Cancer Center Seeks to Improve Patient Experience, Satisfaction Through Communication Education With Staff

Audrey Sternberg

A poster presentation from the Oncology Nursing Society’s 46th Annual Congress describes a single-center clinician education program aimed at improving patient satisfaction.

A single-center program for enhancing patient-provider relationships was able to improve staff member’s understanding of adult education, and in turn, positively affect patient satisfaction scores over time, according to data presented in a poster at the Oncology Nursing Society’s 46th Annual Congress.

This program, developed for the Trinitas Comprehensive Cancer Center in Elizabeth, New Jersey, set out to educate nurses, medical assistants, receptionists, and secretarial staff about patient interactions and to assess their needs. The program will continue to be evaluated through attendance to the program and pre- and post-test intervention assessment; program effectiveness valuation will be conducted by patient satisfaction surveys.

“In our post-program [assessment], our staff showed a better understanding of what adult education is all about and how adults view and learn new knowledge,” Aida Brito, MSN, RN, OCN, lead study author, said in her presentation of the data.

The investigators set out to improve the patients experience based on existing data that indicate health care quality and patient satisfaction go hand in hand. The Ask Me 3 tool and the Oral Exchange Rating Tool, Part 3 were used to educate staff about patient interactions. Pre-program learning-needs assessments and tests were used to determine individual perceptions of the role they play in a patient-provider interaction. All staff then attended the program, and a post-test was given to assess their understanding of the content.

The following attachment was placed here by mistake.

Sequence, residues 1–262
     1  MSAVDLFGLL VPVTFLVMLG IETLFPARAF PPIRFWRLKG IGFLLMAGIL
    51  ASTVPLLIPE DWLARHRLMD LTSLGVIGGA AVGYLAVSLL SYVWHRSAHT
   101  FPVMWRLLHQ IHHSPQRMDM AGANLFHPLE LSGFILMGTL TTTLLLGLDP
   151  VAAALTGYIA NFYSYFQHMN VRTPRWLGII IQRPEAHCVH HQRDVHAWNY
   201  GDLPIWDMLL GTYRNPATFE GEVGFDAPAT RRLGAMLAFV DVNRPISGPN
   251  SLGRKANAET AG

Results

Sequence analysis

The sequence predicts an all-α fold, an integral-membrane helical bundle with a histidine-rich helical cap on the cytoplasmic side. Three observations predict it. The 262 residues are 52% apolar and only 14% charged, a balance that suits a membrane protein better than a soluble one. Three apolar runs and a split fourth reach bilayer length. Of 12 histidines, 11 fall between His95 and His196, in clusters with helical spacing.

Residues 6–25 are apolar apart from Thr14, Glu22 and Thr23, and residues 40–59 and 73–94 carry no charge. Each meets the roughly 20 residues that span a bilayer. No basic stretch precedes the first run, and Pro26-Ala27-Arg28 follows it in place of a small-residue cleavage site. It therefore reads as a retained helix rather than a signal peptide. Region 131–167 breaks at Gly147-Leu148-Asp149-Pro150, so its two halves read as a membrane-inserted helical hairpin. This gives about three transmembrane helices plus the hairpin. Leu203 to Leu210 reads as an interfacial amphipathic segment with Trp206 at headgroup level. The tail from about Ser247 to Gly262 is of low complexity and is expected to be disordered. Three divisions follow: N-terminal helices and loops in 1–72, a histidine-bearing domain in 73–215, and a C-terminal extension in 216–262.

Staff members included registered nurses, medical assistants, concierges, patient guides, and medical secretaries. A needs assessment showed that clinicians were interested in learning more about quality of life and critical lab values, symptom management and assessment, and ethical issues.

Themes emerging from the Ask Me 3 pre- and post-tests were education, listening, questioning, understanding, and advocacy. The oral exchange rating summary average scores improved from the pre-program assessment at 29 to 58.4 post-program. Brito pointed out that fewer participants were assessed in the post-program (22 vs 16) due to resignations and medical leave.

Patient satisfaction scores improved from the second quarter (Q2) of 2020 through the first quarter (Q1) of 2021 in areas of emotional support and respect for patient preferences. When asked the question: “How often did you have confidence and trust in the cancer treatment staff treating you?” patient satisfaction scores improved from 76.8% in Q2 2020 to 92.6% in Q1 2021. To the question: “How often did the cancer treatment staff treat you with courtesy and respect” scores improved from 89.3% in Q2 2020 to 93.5% in Q4 2020 but were at 89.3% again in Q1 2021. Scores to: “How often did you have enough input or say in your care at this facility?” scores went from 60.4% in Q2 2020 to 74.1% in Q1 2021.

“Once our patient-provider trusting relationship improves this will in turn enhance health care quality thus improving patient experience and satisfaction,” Brito said. “It is our hope that through proper staff education and the use of the Ask Me 3 communication tool, our cancer patient population will feel confident and supported throughout their cancer experience.”

Reference

Brito A, Fryar J, Blecher C. Cultivating a patient-provider relationship of trust while enhancing/improving patient experience and satisfaction. Presented at: Oncology Nursing Society 46th Annual Congress. April 20, 22, 27 & 29, 2021. Virtual.